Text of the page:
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Biden administration seeks input on AI safety measures

Biden administration seeks input on AI safety measures
The OpenAI logo is seen on a mobile phone in front of a computer screen displaying output from ChatGPT, Tuesday, March 21, 2023, in Boston. President Joe Biden’s administration wants stronger measures to test the safety of artificial intelligence tools such as ChatGPT before they are publicly released, though it hasn’t decided if the government will have a role in doing the vetting. The U.S. Commerce Department on Tuesday, April 11, said it will spend the next 60 days fielding opinions on the possibility of AI audits, risk assessments and other measures that could ease consumer concerns about these new systems. Credit: AP Photo/Michael Dwyer, File

President Joe Biden's administration wants stronger measures to test the safety of artificial intelligence tools such as ChatGPT before they are publicly released, though it hasn't decided if the government will have a role in doing the vetting.

The U.S. Commerce Department on Tuesday said it will spend the next 60 days fielding opinions on the possibility of AI audits, and other measures that could ease consumer concerns about these new systems.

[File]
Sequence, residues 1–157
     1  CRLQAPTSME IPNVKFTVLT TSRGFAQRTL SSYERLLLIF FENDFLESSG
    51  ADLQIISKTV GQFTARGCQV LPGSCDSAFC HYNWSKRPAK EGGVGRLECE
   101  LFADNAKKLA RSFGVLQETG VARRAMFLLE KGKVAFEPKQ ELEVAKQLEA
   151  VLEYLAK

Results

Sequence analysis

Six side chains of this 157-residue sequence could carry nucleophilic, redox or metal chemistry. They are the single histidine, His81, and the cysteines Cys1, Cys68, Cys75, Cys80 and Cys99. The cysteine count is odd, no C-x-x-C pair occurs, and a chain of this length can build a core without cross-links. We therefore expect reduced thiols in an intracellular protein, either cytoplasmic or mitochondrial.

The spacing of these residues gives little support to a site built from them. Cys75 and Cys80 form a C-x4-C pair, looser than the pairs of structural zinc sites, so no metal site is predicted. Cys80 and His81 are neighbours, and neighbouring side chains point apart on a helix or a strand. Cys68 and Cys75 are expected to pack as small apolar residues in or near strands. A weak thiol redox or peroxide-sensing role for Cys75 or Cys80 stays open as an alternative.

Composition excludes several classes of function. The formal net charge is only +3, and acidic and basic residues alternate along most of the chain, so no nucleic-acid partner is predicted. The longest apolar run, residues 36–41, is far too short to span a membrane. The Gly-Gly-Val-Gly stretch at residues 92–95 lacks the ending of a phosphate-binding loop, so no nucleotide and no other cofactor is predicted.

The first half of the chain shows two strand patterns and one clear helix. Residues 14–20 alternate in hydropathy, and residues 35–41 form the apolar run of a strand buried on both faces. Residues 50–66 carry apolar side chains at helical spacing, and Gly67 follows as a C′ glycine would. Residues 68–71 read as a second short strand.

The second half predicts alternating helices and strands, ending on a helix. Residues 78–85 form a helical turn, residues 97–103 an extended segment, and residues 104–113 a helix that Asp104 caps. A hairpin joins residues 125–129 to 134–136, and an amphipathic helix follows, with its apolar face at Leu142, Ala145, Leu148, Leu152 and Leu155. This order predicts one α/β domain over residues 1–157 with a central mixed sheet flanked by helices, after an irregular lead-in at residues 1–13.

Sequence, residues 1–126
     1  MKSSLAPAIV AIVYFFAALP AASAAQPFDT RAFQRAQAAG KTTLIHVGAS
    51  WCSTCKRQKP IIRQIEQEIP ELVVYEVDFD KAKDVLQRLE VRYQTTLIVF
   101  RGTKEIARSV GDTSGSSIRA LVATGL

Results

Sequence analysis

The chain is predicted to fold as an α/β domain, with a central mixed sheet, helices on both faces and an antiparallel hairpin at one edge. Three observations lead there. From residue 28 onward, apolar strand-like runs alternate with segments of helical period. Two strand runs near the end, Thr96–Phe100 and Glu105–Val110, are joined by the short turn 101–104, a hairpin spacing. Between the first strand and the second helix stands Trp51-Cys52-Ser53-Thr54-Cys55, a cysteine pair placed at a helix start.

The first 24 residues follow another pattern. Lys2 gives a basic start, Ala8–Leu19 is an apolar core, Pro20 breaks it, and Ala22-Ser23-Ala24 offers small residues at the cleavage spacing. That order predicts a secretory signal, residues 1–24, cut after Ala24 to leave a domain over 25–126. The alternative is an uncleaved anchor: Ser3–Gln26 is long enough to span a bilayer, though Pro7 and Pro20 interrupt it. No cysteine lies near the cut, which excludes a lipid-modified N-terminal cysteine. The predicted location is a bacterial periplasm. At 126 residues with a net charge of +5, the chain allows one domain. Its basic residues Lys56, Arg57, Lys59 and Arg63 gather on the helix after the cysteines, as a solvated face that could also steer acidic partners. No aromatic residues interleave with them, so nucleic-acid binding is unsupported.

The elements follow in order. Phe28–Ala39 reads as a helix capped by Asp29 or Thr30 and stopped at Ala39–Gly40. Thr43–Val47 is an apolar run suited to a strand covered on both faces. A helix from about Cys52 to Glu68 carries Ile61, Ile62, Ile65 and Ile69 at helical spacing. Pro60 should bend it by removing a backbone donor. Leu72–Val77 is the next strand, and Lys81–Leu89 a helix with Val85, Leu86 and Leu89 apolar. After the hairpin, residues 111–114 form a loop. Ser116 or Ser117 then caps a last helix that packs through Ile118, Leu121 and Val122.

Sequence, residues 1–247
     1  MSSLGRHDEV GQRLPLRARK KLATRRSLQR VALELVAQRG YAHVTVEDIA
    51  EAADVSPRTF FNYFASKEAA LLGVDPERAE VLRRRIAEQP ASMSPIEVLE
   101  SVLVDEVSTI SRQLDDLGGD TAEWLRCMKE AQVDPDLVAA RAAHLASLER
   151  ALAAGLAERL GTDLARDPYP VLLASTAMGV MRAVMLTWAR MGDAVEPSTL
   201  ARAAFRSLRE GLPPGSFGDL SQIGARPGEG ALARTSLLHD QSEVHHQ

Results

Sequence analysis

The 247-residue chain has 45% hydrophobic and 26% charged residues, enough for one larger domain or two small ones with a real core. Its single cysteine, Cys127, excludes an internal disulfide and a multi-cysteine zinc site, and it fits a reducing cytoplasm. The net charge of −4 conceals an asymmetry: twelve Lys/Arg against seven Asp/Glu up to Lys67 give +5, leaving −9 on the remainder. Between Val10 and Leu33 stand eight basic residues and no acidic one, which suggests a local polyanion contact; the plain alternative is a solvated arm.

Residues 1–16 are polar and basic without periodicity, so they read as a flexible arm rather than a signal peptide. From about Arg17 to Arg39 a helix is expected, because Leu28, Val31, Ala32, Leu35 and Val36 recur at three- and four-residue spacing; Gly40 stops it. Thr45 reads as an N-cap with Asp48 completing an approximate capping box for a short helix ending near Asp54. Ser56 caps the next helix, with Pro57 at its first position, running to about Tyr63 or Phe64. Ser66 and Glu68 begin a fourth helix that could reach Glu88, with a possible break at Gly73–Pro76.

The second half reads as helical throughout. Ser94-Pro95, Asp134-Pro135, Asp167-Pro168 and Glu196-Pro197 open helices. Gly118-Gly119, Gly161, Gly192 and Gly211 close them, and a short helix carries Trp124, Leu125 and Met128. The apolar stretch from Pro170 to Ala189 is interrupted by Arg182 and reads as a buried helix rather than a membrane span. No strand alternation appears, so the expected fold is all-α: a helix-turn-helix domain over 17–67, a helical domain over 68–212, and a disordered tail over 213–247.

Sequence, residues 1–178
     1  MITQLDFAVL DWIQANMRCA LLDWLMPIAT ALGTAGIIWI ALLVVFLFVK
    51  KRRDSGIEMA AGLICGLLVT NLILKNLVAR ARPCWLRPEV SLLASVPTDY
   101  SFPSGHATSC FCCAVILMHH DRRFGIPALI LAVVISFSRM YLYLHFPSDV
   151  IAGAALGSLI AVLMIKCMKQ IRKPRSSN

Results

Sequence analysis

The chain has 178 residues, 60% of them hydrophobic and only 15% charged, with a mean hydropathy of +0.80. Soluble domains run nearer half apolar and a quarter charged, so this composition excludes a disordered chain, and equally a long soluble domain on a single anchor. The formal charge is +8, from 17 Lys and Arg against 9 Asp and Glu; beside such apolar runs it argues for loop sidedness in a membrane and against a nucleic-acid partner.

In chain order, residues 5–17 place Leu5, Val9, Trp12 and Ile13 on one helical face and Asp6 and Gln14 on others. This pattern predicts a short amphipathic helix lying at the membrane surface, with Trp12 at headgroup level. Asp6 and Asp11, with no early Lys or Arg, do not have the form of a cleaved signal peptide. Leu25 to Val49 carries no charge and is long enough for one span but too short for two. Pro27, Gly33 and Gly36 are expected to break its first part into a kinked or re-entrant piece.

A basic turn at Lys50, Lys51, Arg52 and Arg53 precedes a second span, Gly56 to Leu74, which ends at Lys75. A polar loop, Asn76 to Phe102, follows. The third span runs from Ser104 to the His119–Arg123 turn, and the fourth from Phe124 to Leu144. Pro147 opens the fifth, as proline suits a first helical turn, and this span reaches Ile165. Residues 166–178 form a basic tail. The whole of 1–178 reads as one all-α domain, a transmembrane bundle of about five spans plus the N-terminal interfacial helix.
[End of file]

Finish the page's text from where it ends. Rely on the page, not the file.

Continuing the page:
"There is a heightened level of concern now, given the pace of innovation, that it needs to happen responsibly," said Assistant Commerce Secretary Alan Davidson, administrator of the National Telecommunications and Information Administration.

The NTIA, more of an adviser than a regulator, is seeking feedback about what policies could make commercial AI tools more accountable.

Biden last week said during a meeting with his council of science and technology advisers that must ensure their products are safe before releasing them to the public.

The Biden administration also last year unveiled a set of far-reaching goals aimed at averting harms caused by the rise of AI systems, but that was before the release of ChatGPT, from San Francisco startup OpenAI, and similar products from Microsoft and Google led to wider awareness of the capabilities of the latest AI tools that can generate human-like passages of text, as well as new images and video.

"These new language models, for example, are really powerful and they do have the potential to generate real harm," Davidson said in an interview. "We think that these accountability mechanisms could truly help by providing greater trust in the innovation that's happening."

The NTIA's notice leans heavily on requesting comment about "self-regulatory" measures that the companies that build the technology would be likely to lead. That's a to the European Union, where lawmakers this month are negotiating the passage of new laws that could set strict limits on AI tools depending on how high a risk they pose.

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